The Agave leaves have been used for ages by the Aztecs, from roofs and ropes to paper and boring tools. The Agave juices have been used for medicinal and religious purposes. Today they are used to produce a staggering 100 million litres of Tequila, a liquor that is as Mexican as Jalapeños and Tacos. La Cofradía in Tequila has direct sales of a range of Tequilas and a museum that's worth a visit.

Getting to the distillery was an event by itself. Bill and Kim kindly took us to Tequila, no problems there, but once in Tequila it wasn't all that clear where we had to go. Between the 5 of us we speak 3 words of Spanish… which didn't help. We were directed to a parking lot that didn't exist, tried the tourist police who didn't speak English, but in the end found one English speaking tourist police officer who organised a taxi driver who guided us to La Cofradía for 50 pesos. 

In the afternoon our limited Spanish resulted in a gigantic amount of food…! I'm sure the people running the little restaurant must think gringos eat enormous amounts of food as we apparently ordered enough to feed at least 10 people. I was beginning to wonder what was going on when we saw the owner leaving twice on his little motorbike to get more supplies :-) We concluded that they must have thought that we wanted the whole menu… Great food, really good, but it was a little bit too much.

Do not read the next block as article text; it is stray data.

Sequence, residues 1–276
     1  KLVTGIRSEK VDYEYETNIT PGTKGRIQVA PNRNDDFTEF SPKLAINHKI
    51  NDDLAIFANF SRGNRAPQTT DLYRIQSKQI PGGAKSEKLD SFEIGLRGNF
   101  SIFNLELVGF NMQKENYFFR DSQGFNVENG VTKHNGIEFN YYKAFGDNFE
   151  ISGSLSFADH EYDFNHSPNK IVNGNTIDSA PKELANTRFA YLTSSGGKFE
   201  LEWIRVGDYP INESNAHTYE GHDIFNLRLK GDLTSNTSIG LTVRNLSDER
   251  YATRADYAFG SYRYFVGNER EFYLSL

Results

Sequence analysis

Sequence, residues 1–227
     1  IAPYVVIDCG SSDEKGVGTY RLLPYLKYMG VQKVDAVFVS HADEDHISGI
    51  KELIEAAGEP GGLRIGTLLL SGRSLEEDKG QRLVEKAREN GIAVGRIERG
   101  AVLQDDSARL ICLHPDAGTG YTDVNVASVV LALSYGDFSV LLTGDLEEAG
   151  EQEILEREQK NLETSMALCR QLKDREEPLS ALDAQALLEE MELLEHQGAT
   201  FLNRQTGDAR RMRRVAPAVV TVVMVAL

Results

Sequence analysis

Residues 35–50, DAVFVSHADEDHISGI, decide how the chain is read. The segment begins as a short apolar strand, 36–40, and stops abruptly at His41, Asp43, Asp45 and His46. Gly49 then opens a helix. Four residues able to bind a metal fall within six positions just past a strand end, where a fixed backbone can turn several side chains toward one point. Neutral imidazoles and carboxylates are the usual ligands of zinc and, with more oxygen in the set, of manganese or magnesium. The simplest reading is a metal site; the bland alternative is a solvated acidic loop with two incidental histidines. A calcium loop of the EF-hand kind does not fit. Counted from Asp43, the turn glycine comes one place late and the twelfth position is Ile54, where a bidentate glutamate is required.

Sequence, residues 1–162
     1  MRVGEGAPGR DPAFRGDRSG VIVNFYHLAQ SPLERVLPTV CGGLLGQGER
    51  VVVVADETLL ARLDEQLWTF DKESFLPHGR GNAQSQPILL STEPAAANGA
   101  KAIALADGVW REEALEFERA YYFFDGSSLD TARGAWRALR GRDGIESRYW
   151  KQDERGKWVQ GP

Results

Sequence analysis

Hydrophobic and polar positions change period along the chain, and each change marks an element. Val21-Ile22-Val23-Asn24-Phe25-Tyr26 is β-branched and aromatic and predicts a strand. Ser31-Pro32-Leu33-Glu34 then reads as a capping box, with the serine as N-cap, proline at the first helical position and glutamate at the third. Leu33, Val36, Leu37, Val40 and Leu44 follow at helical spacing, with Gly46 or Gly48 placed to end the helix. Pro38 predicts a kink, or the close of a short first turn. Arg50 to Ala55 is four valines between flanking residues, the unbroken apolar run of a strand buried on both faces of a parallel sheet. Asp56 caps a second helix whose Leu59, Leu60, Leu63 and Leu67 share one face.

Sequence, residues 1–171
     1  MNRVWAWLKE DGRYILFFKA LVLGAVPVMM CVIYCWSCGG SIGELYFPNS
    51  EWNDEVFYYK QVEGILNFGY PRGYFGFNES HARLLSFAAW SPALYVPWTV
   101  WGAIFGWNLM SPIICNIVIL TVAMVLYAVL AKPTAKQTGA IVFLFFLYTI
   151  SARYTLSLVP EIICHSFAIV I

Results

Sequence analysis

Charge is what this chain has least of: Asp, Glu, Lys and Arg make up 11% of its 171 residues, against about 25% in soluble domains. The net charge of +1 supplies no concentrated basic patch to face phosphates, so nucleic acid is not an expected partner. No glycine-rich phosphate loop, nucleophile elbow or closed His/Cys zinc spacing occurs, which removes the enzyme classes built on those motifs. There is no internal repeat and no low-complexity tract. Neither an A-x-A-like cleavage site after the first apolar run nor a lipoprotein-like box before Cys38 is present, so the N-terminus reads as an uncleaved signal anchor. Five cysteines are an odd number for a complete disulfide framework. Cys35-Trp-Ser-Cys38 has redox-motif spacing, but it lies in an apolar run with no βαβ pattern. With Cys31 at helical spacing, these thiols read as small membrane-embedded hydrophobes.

We made the trip from Lo de Marcos, on the way up via the toll road which was in a terrible state and expensive. For the return trip we took the free road, which is a beautiful winding drive through the volcanic landscapes and past blue Agave fields over much better road surfaces too. We had a great day, learned a lot about Tequila… and had eaten enough for the rest of the week :-)

A big thank you to Bill and Kim for taking us there!